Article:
Some among the intelligentsia blame “the climate of hate” created by Putin.  The Guardian’s Shawn Walker explains:

Nemtsov frequently appeared on lists of “traitors” published online by extremist groups, and given that many radical Russian nationalists have been fighting a war in east Ukraine for the past six months, there have long been fears that the bloodshed could at some point move to the streets of Moscow.

The well-organised hit, in one of the most closely watched parts of Moscow, of a man who was undoubtedly under state surveillance just two days before a major opposition march, does not smack of an amateur job. Assuming a jealous lover or angry fellow liberal would not be able to organise a drive-by shooting in the shadows of the Kremlin towers, the remaining options are disturbing.

If, as Peskov says, it was senseless for the Kremlin to kill someone who posed very little threat, that leaves another option that is perhaps even more terrifying: that the campaign of hate that has erupted over the past year is spiralling out of the control of those who manufactured it.

There is another possibility.  Nemtsov was not the only opposition figure who found himself killed.  As in all other cases, it was not too terribly necessary for Putin (presuming it was him) to eliminate any one of them.  And yet, from time to time Kremlin critics find themselves offed.  We can rack our pretty heads trying to figure out why would Putin need to do it, which might just be the point of it all.  Maybe it’s just the VVP style: everyone *knows* it’s him, but nobody can prove it.  Russia gets the message: Don’t even try.

February 18, 2015

An Idea for A Portlandia Episode

Filed under: politics — Tags: , , — edge of the sandbox @ 6:28 pm

While you were worrying about amnesty and ISIS, the state of Oregon reached an important human rights milestone.  Kate Brown, the nation’s first openly bi governor, ascended to her position when John Kitzhaber (D) resigned amids corruption allegations:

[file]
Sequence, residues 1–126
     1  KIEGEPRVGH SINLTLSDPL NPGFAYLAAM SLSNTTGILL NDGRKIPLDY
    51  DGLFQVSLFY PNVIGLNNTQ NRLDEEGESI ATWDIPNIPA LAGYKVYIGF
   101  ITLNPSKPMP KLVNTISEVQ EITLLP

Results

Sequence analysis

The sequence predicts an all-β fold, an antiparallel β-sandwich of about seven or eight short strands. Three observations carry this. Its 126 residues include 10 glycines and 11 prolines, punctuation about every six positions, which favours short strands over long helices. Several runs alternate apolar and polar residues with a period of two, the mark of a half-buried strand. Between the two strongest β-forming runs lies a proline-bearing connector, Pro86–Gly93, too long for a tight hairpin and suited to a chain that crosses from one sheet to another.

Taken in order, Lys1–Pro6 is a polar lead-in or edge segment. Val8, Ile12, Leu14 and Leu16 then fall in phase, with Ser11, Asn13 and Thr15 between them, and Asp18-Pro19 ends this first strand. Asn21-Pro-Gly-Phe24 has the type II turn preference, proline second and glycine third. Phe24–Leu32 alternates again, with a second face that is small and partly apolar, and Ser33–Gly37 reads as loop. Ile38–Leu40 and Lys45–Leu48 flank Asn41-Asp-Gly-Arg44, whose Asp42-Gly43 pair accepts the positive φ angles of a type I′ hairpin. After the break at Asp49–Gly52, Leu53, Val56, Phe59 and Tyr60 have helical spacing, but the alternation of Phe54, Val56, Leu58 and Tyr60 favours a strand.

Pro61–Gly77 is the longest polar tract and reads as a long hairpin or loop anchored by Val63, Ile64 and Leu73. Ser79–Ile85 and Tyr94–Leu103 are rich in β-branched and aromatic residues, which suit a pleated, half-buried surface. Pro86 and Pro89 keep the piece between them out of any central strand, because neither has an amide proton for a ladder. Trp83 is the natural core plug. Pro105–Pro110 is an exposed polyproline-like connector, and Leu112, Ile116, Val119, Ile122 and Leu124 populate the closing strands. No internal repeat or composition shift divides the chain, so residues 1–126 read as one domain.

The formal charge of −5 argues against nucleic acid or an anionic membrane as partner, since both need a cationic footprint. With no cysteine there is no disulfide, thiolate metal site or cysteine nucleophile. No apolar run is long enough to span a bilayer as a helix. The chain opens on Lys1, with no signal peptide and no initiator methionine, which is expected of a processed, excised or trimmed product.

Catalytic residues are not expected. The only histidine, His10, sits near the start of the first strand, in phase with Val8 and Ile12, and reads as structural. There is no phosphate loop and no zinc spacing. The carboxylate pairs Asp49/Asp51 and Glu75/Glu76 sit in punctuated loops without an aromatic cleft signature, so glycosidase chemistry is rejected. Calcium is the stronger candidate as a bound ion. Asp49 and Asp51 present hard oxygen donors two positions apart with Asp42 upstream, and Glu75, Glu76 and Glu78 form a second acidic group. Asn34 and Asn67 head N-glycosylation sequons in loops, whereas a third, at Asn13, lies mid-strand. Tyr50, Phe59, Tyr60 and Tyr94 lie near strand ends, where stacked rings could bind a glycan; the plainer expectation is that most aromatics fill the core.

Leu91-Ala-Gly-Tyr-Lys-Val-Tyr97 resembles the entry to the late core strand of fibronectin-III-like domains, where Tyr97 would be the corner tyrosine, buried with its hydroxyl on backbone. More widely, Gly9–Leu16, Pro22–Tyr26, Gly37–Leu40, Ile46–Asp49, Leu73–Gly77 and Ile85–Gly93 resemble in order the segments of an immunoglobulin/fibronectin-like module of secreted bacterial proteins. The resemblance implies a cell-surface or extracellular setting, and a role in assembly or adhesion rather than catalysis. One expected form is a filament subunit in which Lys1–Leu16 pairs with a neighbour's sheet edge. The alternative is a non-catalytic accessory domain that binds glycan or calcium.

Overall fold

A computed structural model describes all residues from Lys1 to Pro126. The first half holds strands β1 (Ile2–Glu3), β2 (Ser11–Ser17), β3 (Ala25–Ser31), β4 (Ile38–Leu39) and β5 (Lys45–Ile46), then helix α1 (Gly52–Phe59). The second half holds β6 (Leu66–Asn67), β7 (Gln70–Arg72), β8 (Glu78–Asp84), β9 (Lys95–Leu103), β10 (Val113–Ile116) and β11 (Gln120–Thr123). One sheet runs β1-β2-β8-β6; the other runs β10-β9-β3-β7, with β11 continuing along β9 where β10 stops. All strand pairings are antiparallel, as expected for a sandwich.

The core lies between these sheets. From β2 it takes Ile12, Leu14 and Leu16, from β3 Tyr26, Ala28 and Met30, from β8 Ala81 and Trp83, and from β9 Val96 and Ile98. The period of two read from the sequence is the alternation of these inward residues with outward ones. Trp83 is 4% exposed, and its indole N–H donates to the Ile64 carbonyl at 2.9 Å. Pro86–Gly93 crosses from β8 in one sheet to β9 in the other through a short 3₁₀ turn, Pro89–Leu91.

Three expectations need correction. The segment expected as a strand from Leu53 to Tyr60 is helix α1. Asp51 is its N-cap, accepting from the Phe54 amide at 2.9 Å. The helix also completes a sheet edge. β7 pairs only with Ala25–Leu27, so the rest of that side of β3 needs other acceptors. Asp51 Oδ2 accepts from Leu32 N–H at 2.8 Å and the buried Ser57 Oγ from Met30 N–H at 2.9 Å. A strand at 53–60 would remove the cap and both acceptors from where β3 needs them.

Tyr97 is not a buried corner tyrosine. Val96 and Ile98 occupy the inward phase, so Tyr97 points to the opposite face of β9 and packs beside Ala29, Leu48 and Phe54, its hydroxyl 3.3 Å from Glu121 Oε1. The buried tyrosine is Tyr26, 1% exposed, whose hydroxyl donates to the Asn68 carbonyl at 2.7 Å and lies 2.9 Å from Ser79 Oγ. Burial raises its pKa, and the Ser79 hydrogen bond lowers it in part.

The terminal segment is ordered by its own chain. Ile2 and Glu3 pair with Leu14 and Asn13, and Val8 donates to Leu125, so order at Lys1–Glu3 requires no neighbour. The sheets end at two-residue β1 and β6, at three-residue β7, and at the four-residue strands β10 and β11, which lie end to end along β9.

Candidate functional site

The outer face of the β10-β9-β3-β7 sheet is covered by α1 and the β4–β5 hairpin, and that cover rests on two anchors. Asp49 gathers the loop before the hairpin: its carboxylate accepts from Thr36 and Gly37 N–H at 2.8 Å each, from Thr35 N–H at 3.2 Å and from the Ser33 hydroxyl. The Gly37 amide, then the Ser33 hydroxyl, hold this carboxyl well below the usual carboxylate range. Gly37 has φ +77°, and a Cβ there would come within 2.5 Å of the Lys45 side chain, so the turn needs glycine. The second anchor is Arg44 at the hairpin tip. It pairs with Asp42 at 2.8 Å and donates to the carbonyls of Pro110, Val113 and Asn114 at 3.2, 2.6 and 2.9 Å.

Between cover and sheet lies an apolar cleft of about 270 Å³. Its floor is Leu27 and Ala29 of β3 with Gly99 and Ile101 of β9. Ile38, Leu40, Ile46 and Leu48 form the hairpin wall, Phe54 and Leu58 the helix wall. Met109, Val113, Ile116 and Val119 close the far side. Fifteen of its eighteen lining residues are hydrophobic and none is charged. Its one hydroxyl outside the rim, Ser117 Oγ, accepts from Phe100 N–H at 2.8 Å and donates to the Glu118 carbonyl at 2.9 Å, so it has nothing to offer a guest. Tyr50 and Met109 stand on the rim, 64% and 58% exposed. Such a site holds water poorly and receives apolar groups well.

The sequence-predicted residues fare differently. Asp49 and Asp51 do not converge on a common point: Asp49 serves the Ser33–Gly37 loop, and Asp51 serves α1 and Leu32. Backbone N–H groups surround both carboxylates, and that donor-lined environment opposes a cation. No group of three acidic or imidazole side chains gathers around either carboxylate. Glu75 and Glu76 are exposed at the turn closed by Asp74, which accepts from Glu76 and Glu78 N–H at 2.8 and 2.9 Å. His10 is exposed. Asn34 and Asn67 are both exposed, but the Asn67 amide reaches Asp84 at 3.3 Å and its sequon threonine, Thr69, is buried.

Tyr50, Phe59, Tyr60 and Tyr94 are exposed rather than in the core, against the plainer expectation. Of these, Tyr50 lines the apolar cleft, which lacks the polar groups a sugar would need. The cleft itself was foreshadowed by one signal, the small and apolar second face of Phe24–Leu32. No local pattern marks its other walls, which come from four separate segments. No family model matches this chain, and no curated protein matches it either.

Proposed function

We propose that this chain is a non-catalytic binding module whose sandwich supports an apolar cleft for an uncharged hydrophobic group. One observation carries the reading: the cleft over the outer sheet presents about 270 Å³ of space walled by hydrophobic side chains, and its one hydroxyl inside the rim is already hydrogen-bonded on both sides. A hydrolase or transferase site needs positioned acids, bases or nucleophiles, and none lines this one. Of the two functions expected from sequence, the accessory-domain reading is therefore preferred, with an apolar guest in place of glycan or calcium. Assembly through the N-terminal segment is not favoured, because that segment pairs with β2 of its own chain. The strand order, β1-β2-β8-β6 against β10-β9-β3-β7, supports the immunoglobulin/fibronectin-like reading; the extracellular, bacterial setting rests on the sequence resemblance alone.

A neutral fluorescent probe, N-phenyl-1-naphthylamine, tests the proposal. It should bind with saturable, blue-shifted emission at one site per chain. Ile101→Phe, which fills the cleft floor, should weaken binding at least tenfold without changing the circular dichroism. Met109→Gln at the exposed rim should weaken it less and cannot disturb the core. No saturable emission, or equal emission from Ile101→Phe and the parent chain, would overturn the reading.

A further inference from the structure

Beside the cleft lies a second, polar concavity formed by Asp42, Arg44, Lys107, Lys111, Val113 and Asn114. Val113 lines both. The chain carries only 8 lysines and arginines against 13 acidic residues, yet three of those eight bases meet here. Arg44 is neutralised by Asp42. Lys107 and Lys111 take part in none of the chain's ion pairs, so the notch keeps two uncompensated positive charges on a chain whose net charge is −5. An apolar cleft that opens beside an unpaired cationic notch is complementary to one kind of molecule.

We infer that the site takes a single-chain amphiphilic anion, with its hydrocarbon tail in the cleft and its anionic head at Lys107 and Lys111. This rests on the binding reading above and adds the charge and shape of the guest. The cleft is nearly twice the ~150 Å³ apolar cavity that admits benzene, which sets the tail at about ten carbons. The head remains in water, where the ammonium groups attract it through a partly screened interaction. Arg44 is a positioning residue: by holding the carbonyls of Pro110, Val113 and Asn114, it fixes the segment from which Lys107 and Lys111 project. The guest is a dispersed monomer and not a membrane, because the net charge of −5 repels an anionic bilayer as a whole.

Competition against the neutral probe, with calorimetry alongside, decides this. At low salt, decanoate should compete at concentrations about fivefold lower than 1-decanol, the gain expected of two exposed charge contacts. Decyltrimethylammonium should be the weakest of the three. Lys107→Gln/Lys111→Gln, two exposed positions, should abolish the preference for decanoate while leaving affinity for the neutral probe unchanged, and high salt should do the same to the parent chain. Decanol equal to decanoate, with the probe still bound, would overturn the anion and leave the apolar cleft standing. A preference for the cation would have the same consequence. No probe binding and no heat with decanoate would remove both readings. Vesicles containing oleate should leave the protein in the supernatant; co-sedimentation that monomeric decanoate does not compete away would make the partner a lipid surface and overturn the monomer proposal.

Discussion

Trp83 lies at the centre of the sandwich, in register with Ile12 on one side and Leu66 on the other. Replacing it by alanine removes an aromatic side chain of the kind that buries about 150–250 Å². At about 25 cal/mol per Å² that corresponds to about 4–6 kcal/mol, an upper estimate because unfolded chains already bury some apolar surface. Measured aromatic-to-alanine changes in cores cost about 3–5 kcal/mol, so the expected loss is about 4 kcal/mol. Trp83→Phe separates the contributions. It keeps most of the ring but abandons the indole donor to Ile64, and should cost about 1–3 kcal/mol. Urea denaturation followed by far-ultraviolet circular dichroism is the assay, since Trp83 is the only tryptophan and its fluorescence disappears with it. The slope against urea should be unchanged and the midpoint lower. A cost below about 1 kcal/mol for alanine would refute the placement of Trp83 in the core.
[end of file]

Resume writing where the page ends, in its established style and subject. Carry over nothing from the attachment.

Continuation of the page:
Brown, who was the first in line to succeed Kitzhaber, was the nation’s first openly bisexual-identifying statewide officeholder. She is married to husband Dan Little [can we fact check to make sure Mr. Little is not really a wife? — eots] and has discussed her sexuality in past campaigns for public office.

Something as quirky as bisexuality is doubtlessly a selling point in the Pacific north-west.  What I deduce has happened, is that in the early 90’s she was “outed” by a local paper after which she had some ‘splaining to do, including:

  • Coming out to my gay friends – who called me half-queer.
  • Coming out to my straight friends – who never thought I could make up my mind about anything anyway.

So, basically, Brown, who married a few years later had a few flings… but what really matters is that she identifies as bi.  RS McCain posted An Infinite Rainbow of Oppression, a freak show of “queer” identity portraits complete with descriptions like Trans Femme Genderqueer” and “Plus Sized Polyamorous Pansexual”.  Interestingly, one of the ladies in the project identified simply as “bisexual”.  Maybe she just wanted to have her picture taken.  We women are pretty straight forward this way.

Anyhow, with Kate Brown being from Oregon it’s time to remember the 90’s, the decade about nothing:

Meantime in Debaltseve…

UPDATE: Many thanks to Citizen Tom for linking.

February 13, 2015

Malinovka

Filed under: politics, Ukraine — Tags: , , — edge of the sandbox @ 5:41 pm

The US is considering lethal defensive aid to Kiev, and I seriously doubt this will lead to World War 3.  It’s not clear that Ukraine will last long enough for that to happen.  I’m just a mom, but I read both Russian and Ukrainian, and deciphering Russian strategy is not that hard if one reads their media.  Russia is doing a Kutuzov in Ukraine, bleeding their opponent dry of resources, and by that I don’t mean the gas supply to Ukraine’s frosty cities.  Or even the fact that the Ukrianian economy is in free-fall – the decline is exasperated by Russia’s own economic crisis.

It’s said that Putin’s inner circle consists of people who supported the outright annexation of south-east Ukraine and those who prefer a “frozen war” to eventually gobble up the region.  Apparently they had Putin’s ear.  I first expected to see Russian tanks in my birth city — because the city’s leadership wanted them there and because the tanks were posed in Belgorod, a stone’s throw away.  I was wrong.

Since the beginning of the war Russian-lead East Ukrainian rebels were playing cat and mouse with the Ukrainian military in the structure formerly known as Sergei Prokofiev* Airport in Donetsk.  Why the airport?  Nobody knows; I’m reading that it has no strategic value, but I guess it was big of the parties involved to select its cement terminals for their shoot-outs, as opposed to a high-rises populated with civilians, as they did elsewhere.